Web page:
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English Biscuit Jar Holds Cookies

Anne Mccollam on

Q: Enclosed is a photo of a silver-footed container that I have. I was told it is a biscuit jar. Marked on the bottom are the words "Mappin & Webb - Sheffield - London - W2648." It has a hinged lid, stands about 9 inches tall and is in perfect condition.

I would appreciate any information about the maker and estimated value of my container.

A: Mappin & Webb made your silver-plated biscuit jar. Cookies are referred to as biscuits in England. Jonathan Mappin started out in Sheffield, England, in 1775. They opened a store in London in 1849, and the name was later changed to Mappin & Webb. They produced silver plate and sterling silver objects. They also created jewelry for European royalty including Queen Victoria, Queen Elizabeth, Prince of Wales, Princess Grace of Monaco and the last Czar of Russia. The mark "W2648" is the design number. After several mergers and acquisitions, Mappin & Webb continues today to produce silver and jewelry and is also a retailer of luxury watches. Biscuits jars can be found made of porcelain, crystal, silver plate and sterling silver. They were in demand from around 1860 to the early 1900s.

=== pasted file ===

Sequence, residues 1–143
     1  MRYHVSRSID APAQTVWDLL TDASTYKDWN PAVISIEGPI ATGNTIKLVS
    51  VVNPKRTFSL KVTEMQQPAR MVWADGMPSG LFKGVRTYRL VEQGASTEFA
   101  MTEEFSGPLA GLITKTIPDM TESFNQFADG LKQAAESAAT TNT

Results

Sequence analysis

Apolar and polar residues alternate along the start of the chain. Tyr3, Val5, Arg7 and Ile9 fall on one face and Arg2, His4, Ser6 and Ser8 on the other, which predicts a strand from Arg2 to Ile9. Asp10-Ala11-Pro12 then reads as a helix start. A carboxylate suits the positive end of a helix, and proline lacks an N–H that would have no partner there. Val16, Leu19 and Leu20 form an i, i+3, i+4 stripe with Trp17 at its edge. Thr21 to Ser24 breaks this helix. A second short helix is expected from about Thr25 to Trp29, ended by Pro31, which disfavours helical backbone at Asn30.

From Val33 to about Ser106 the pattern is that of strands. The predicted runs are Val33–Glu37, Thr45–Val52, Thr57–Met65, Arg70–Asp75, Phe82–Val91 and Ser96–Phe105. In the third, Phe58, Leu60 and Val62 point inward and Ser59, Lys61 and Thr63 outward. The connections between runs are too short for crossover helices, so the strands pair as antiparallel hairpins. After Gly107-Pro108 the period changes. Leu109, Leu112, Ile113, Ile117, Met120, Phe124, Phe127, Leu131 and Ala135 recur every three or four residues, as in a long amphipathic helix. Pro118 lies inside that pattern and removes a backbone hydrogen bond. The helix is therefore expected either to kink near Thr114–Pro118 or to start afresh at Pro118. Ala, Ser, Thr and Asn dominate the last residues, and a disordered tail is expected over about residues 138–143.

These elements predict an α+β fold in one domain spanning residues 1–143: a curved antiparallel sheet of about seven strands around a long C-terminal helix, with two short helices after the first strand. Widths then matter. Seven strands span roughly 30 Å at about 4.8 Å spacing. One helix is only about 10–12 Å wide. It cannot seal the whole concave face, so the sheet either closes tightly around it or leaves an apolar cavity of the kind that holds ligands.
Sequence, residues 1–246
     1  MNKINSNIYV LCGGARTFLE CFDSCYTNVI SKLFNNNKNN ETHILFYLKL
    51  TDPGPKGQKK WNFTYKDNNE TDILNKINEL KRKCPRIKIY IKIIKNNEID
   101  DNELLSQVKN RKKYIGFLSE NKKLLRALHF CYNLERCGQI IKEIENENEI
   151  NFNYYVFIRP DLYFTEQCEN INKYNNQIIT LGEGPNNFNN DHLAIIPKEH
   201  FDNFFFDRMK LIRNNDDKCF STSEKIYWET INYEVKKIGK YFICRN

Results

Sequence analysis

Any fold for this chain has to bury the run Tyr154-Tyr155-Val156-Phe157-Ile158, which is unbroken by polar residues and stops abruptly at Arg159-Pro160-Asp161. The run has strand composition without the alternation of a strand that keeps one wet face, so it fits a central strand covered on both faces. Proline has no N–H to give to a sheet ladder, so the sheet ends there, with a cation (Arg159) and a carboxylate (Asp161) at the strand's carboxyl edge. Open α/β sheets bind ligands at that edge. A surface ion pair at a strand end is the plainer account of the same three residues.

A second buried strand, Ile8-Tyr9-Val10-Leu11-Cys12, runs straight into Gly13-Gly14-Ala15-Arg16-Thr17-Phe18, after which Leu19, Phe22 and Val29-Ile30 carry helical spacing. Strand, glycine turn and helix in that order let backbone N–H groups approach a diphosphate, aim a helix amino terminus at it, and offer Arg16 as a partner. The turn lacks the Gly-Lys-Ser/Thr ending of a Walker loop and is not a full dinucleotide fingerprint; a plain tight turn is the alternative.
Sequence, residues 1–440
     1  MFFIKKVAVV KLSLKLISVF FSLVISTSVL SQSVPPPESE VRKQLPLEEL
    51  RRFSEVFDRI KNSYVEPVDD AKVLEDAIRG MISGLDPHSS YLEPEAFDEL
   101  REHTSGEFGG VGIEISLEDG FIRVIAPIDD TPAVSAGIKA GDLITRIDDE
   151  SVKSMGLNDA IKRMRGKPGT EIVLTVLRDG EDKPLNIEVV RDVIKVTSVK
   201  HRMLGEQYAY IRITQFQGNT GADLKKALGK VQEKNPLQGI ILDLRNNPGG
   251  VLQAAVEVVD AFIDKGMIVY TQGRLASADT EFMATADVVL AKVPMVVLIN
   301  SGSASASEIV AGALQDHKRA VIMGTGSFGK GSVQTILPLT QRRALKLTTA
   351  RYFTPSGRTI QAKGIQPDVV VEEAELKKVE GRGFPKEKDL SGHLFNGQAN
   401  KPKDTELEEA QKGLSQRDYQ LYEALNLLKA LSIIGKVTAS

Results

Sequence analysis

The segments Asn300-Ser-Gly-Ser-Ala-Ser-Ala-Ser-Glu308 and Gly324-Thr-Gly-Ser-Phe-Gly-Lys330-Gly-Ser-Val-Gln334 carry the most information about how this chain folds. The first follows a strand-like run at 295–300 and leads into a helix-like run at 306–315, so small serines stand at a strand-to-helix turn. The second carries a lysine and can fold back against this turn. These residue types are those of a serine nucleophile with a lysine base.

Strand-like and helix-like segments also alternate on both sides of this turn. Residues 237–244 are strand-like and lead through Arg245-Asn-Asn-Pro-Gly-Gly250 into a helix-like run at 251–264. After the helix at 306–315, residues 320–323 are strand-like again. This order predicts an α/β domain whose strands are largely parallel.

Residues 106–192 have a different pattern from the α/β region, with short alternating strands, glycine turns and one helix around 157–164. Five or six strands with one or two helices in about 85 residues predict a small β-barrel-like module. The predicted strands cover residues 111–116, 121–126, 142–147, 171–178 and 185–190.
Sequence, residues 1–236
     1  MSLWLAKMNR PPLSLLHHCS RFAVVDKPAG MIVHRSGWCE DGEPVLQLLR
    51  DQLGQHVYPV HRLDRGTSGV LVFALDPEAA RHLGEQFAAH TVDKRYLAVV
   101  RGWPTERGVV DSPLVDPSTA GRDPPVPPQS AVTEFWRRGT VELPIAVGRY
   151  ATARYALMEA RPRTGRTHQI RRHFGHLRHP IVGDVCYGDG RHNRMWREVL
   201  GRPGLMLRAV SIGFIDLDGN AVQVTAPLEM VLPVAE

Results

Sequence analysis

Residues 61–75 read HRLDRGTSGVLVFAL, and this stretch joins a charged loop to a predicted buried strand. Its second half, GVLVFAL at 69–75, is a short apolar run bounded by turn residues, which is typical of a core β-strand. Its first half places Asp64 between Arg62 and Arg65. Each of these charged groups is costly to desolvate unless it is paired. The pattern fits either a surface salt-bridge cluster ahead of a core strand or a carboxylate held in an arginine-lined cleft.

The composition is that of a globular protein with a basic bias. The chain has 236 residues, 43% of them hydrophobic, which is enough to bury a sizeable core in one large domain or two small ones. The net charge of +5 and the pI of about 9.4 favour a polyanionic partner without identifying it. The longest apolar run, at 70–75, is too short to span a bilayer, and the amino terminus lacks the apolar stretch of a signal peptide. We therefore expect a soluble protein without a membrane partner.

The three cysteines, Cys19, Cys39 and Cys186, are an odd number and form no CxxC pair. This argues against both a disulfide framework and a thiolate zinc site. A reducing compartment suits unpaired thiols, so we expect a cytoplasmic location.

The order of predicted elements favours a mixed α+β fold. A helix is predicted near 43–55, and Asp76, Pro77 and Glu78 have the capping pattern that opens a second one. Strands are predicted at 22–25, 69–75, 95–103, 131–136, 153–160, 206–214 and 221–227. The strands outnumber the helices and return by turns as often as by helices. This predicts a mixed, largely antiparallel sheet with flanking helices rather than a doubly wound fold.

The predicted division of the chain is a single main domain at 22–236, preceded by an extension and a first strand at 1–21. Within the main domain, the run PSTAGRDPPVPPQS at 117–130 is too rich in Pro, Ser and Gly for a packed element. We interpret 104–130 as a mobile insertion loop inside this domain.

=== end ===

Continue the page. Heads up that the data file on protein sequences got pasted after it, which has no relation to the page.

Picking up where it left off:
Your silver-plated biscuit jar was made around 1900 and would probably be worth $125 to $225.

Q: This mark is on the bottom of a porcelain shaving mug that belonged to financier and mass-transit developer Charles Yerkes. It has been in our family since my father's aunt acquired it while she was a traveling companion to Yerkes' wife in the early 20th century. Having recently read a biography about Yerkes, I developed a new interest in the shaving mug and hope to learn more about our mug and the maker. Were shaving mugs produced in quantities or was each piece unique? Although I would never sell it, I am certainly interested in knowing its value.

A: Tressemanes & Vogt used the mark you provided. Partners Emilien Tressemanes and Gustave Vogt joined together during the early 1880s to develop their decorating and exporting firm. In 1891, they began to produce their own high-quality porcelain in factories for marketing in the United States. In 1907, Tressemanes retired, and Vogt owned the business until it was sold in 1919. Shaving mugs were popular from the late 1800s to around 1920. A plethora of mugs were produced for individuals in a variety of styles. Some were decorated with the name of fraternal organizations or occupations; others were specifically made with the owner's name and were kept at the barbershop. Most were bought for use at home.

 

Your shaving mug was made around 1900 and would probably be worth $75 to $125.

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Address your questions to Anne McCollam, P. O. Box 247, Notre Dame, IN 46556. Items of a general interest will be answered in this column. Due to the volume of inquiries, she cannot answer individual letters. To find out more about Anne McCollam and read features by other Creators Syndicate writers and cartoonists, visit the Creators Syndicate website at www.creators.com.

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Copyright 2019 Creators Syndicate, Inc.
 

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